BY STEPHANIE ESLAKE
We’ve all been there: We find a musical opportunity. We set goals for ourselves. We think, ‘this audition is ages away, I’ll be fine by then!’, only to find that when the date creeps closer, the pressure is looming and we begin to unravel in a bundle of nerves.
If you’ve been lucky enough to step into every audition with utter confidence and certainty of success, then congratulations – you’ve made it. But if, like the rest of us, you are curious to find ways to better prepare yourself for these pivotal moments of judgement, read on.
We have asked three leading performance specialists:
- Their biggest piece of advice in preparing for your audition
- Why this advice is important
- How it’s worked on a practical level to produce desired results
These musicians are powerhouses at the Australian National Academy of Music, and each one has needed to step up to the challenge of an audition in the past. If you are planning your journey into academia, or auditioning for roles in orchestras or ensembles, this is for you.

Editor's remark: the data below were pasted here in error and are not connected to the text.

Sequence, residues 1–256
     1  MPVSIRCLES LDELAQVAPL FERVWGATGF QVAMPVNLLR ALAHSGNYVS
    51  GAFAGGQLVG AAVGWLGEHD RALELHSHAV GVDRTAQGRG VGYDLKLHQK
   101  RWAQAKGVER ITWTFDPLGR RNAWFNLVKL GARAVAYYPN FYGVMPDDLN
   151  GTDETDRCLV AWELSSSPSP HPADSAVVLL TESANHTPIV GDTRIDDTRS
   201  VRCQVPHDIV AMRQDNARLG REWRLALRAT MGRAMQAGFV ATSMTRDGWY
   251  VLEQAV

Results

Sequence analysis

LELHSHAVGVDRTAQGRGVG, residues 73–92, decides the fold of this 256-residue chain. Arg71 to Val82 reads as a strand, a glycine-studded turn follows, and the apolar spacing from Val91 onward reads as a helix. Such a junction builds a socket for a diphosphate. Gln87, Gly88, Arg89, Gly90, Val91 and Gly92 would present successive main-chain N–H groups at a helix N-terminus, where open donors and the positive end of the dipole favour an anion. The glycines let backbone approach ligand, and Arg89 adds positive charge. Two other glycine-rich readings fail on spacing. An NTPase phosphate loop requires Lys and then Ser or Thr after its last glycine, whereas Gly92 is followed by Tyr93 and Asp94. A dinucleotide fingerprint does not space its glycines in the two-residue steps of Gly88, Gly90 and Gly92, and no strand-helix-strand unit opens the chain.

If you’re keen to set yourself a challenge, the ANAM application period closes on July 14, and if you’ve been successful you’ll need to audition in August and September. Arm yourself with this invaluable advice.
Howard Penny, cellist:
Auditions are strange things: the experience has little to do with a normal concert, and yet the outcome can determine at least the near future for a musician.
An audition panel, whether it is for ANAM or for an orchestral job, wants to hear instrumental facility and a musical personality. At ANAM, we of course are looking for technical excellence and reliability – also given the actual day-to-day demands of our Professional Performance Program. But, to my mind at least, we are also looking for musicians who will, in the long run, make a difference: in other words, those who are also passionate and curious, and see themselves as advocates for their art.
ANAM is small, and deals with individuals, so discovering and mentoring each student’s potential in all aspects of the profession is what our program is about. The audition itself has three opportunities for a candidate to present their varied skills: the solo part, where we can see what level of instrumental capacity and musical understanding is being brought to the table; the chamber music part, where we can see a candidate’s ensemble and team skills; and the interview, where we get a sense of personal aims and drives. All three are equally important!